“Oh, no, my friend,” said the cooler voice. “I haven’t been stealing in car-load lots from the company that hires me; I have merely been buying a little disused scrap from you. You may say that I have planned a few of the adverse happenings which have been running the loss-and-damage account of the road up into the pictures during the past few weeks—possibly I have; but you are the man who has been carrying out the plans, and you are the man the courts will recognize. But we’re wasting time sitting here jawing at each other like a pair of old women. It’s up to us to obliterate Lidgerwood; after which it will be up to you to get his job and cover up your tracks as you can. If he lives, he’ll dig; and if he digs, he’ll turn up things that neither of us can stand for. See how he hangs onto that building-and-loan ghost. He’ll tree somebody on that before he’s through, you mark my words! And it runs in my mind that the somebody will be you.”
“But this trap scheme of yours,” protested the other man; “it’s a frost, I tell you! You say the night passenger from Red Butte is late. I know it’s late, now; but Cranford’s running it, and it is all down-hill from Red Butte to the bridge. Cranford will make up his thirty minutes, and that will put his train right here in the thick of things. Call it off for to-night, Flemister. Meet Lidgerwood when he comes and tell him an easy lie about your not being able to hold Grofield for the right-of-way talk.”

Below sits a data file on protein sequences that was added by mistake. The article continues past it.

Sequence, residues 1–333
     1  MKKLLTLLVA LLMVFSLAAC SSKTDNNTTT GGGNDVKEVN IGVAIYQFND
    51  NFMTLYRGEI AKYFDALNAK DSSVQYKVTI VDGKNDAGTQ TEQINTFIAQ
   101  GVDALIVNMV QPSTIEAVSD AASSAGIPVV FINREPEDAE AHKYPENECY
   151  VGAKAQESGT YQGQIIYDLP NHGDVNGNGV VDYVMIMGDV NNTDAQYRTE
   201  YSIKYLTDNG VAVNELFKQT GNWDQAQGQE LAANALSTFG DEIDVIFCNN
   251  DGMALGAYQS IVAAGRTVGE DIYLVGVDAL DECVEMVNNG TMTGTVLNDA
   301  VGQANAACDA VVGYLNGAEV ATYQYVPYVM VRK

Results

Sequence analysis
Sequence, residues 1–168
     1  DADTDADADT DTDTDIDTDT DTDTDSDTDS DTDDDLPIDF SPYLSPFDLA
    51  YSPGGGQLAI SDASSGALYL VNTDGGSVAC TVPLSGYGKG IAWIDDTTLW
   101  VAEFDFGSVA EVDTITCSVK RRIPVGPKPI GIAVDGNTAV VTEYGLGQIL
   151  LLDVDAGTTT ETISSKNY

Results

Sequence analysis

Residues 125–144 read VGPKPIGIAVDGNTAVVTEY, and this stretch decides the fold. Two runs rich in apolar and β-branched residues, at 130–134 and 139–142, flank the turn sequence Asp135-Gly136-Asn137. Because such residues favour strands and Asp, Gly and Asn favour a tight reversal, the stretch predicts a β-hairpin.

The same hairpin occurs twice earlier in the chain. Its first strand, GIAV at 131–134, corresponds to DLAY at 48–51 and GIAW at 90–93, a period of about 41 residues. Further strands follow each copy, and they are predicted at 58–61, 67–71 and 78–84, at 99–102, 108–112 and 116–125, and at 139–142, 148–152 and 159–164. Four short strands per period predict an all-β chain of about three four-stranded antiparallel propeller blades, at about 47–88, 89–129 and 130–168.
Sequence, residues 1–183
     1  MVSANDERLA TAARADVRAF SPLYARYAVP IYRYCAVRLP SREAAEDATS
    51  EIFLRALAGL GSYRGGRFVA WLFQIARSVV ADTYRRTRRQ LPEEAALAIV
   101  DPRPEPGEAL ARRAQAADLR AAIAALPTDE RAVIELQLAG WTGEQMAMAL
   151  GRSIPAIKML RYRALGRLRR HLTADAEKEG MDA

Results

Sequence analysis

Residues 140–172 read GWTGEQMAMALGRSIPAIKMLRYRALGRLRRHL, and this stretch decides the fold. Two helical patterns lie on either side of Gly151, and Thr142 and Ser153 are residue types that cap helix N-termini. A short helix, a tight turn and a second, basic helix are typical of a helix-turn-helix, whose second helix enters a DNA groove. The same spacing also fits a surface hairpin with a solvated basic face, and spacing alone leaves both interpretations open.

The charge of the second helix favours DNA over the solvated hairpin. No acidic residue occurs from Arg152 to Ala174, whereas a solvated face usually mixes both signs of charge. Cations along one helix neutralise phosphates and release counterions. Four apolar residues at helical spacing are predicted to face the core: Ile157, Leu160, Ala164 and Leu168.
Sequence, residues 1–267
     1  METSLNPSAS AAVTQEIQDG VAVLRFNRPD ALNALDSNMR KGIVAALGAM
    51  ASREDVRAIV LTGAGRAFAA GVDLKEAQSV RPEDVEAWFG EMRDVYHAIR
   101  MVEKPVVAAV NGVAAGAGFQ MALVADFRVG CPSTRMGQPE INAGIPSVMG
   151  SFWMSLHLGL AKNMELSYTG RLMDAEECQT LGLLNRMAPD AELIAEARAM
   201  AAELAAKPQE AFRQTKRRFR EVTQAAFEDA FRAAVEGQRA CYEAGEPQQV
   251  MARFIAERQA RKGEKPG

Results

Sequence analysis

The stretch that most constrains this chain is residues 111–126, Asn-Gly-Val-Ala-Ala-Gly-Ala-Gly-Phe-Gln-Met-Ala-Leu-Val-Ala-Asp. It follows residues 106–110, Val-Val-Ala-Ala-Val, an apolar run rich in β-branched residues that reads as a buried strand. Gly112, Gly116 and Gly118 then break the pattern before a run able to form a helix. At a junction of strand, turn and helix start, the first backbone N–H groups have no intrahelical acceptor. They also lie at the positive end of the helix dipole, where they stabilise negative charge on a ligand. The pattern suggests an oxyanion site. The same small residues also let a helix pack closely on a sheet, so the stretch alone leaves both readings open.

Judson heard the creak and snap of a swing-chair suddenly righted, and the floor dust jarred through the cracks upon him when the mine-owner sprang to his feet.
“Call it off and let you drop out of it? Not by a thousand miles, my cautious friend! Want to stay here and keep your feet warm while I go and do it? Not on your tintype, you yapping hound! I’m about ready to freeze you, anyway, for the second time—mark that, will you?—for the second time. No, keep your hands where I can see ’em, or I’ll knife you right where you sit! You can bully and browbeat a lot of railroad buckies when you’re playing the boss act, but I know you! You come with me or I’ll give the whole snap away to Vice-President Ford. I’ll tell him how you built a street of houses in Red Butte out of company material and with company labor. I’ll prove to him that you’ve scrapped first one thing and then another—condemned them so you might sell them for your own pocket. I’ll——”
“Shut up!” shouted the other man hoarsely. And then, after a moment that Judson felt was crammed to the bursting point with murderous possibilities: “Get your tools and come on. We’ll see who’s got the yellows before we’re through with this!”
There are moments when the primal instincts assert themselves with a sort of blind ferocity, and to Judson, jammed under the floor timbers of Flemister’s head-quarters office, came one of these moments when he heard the two men in the room above moving to depart, and found himself caught between the timbers so that he could not retreat.